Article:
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Debarq is one of the 105 woredas in the Amhara Region of Ethiopia. It is named after its largest town, Debarq. Part of the Semien Gondar Zone, Debarq is bordered on the south by Dabat, on the west by Sanja, on the northwest by the Tigray Region, on the north by Addi Arkay, and on the east by Jan Amora.

This woreda is crossed by the Lamalmo Mountains, which form the western end of the Semien. Rivers include the Zarima.

Due to its inaccessibility and the lack of the most basic infrastructure, in 1999 the Regional government classified Debarq as one of its 47 drought prone and food insecure woredas. To alleviate this situation, the Amhara Credit and Saving Institution SC, a micro-finance institution, opened an office in Debarq in the late 1990s.[1] On 27 May 2009, the Ethiopian Roads Authority announced work to repair and upgrade the road between Debarq and Gondar had begun. The work on the 99 kilometers of road would be done by Sino-Hydro International, a Chinese construction company, with engineering consultancy by a South African company and an Ethiopian firm, Omega Engineers Consulting. The budget for the work is approximately 690 million Birr.[2]

Demographics

Based on figures published by the Central Statistical Agency in 2005, this woreda has an estimated total population of 168,100, of whom 84,372 are men and 83,728 are women; 24,997 or 14.87% of its population are urban dwellers, which is greater than the Zone average of 14.1%. With an estimated area of 1,512.22 square kilometers, Debarq has an estimated population density of 111.2 people per square kilometer, which is greater than the Zone average of 60.23.[3]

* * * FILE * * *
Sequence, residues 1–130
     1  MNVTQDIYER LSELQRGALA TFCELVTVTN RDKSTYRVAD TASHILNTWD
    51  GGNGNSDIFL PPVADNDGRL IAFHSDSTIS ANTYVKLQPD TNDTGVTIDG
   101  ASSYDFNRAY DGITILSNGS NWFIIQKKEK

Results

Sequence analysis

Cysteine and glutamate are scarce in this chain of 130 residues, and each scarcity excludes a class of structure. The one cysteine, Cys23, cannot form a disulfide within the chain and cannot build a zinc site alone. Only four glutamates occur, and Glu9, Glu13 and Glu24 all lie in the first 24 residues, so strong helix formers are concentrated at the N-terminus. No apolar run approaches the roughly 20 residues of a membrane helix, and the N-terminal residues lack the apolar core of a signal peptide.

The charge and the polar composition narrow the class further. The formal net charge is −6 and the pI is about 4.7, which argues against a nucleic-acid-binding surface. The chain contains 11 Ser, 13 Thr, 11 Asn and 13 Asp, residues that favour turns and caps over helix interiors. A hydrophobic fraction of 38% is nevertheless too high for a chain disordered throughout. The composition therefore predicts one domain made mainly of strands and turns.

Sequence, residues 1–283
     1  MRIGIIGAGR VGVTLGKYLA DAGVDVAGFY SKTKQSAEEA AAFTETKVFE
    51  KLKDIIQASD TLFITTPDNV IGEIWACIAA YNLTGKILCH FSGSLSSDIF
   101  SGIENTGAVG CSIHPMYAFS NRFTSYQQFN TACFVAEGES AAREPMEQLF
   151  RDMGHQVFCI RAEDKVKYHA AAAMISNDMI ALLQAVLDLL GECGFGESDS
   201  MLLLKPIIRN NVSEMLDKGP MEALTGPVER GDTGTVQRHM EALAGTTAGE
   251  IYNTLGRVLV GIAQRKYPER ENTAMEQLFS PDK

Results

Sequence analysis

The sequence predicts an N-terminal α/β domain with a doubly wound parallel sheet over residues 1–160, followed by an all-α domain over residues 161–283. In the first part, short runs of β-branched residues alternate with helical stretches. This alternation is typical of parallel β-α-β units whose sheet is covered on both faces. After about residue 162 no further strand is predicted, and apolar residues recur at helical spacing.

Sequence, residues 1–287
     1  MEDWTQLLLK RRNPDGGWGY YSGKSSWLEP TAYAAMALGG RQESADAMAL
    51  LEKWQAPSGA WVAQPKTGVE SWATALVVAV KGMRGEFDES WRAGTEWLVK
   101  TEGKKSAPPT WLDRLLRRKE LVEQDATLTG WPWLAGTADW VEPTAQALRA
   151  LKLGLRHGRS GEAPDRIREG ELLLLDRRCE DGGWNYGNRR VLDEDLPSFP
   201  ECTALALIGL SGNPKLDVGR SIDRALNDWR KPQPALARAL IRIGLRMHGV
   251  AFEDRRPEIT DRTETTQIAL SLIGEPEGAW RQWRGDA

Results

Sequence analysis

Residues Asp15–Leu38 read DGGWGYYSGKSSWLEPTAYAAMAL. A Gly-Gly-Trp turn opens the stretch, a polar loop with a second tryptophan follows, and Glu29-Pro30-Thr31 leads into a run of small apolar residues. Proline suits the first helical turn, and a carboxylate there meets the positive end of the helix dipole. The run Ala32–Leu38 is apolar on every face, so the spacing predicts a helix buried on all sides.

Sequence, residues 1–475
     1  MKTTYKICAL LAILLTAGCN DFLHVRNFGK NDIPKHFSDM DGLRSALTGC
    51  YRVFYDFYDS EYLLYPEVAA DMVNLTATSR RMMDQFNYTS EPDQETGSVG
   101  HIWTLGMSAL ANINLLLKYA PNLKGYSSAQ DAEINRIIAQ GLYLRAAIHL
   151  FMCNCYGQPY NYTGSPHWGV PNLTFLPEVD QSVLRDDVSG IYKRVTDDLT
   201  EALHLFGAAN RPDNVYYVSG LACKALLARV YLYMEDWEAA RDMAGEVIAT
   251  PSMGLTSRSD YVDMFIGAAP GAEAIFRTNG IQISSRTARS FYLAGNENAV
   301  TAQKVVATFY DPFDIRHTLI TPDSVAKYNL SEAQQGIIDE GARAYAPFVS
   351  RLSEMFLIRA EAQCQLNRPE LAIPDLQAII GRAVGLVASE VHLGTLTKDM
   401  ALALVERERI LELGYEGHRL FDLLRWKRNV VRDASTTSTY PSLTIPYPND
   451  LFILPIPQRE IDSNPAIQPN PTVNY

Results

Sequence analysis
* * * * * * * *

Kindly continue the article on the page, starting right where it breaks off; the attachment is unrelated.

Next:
The 1994 national census reported a total population for this woreda of 120,754 in 21,646 households, of whom 60,372 were men and 60,382 women; 14,474 or 11.99% of its population were urban dwellers at the time. The largest ethnic group reported in Debarq was the Amhara (99.42%); all other ethnic groups made up 0.58% of the population. Amharic was spoken as a first language by 99.46%; the remaining 0.54% spoke all other primary languages reported. 93.78% practiced Ethiopian Orthodox Christianity, and 6.16% of the population said they were Muslim.[4]

Notes

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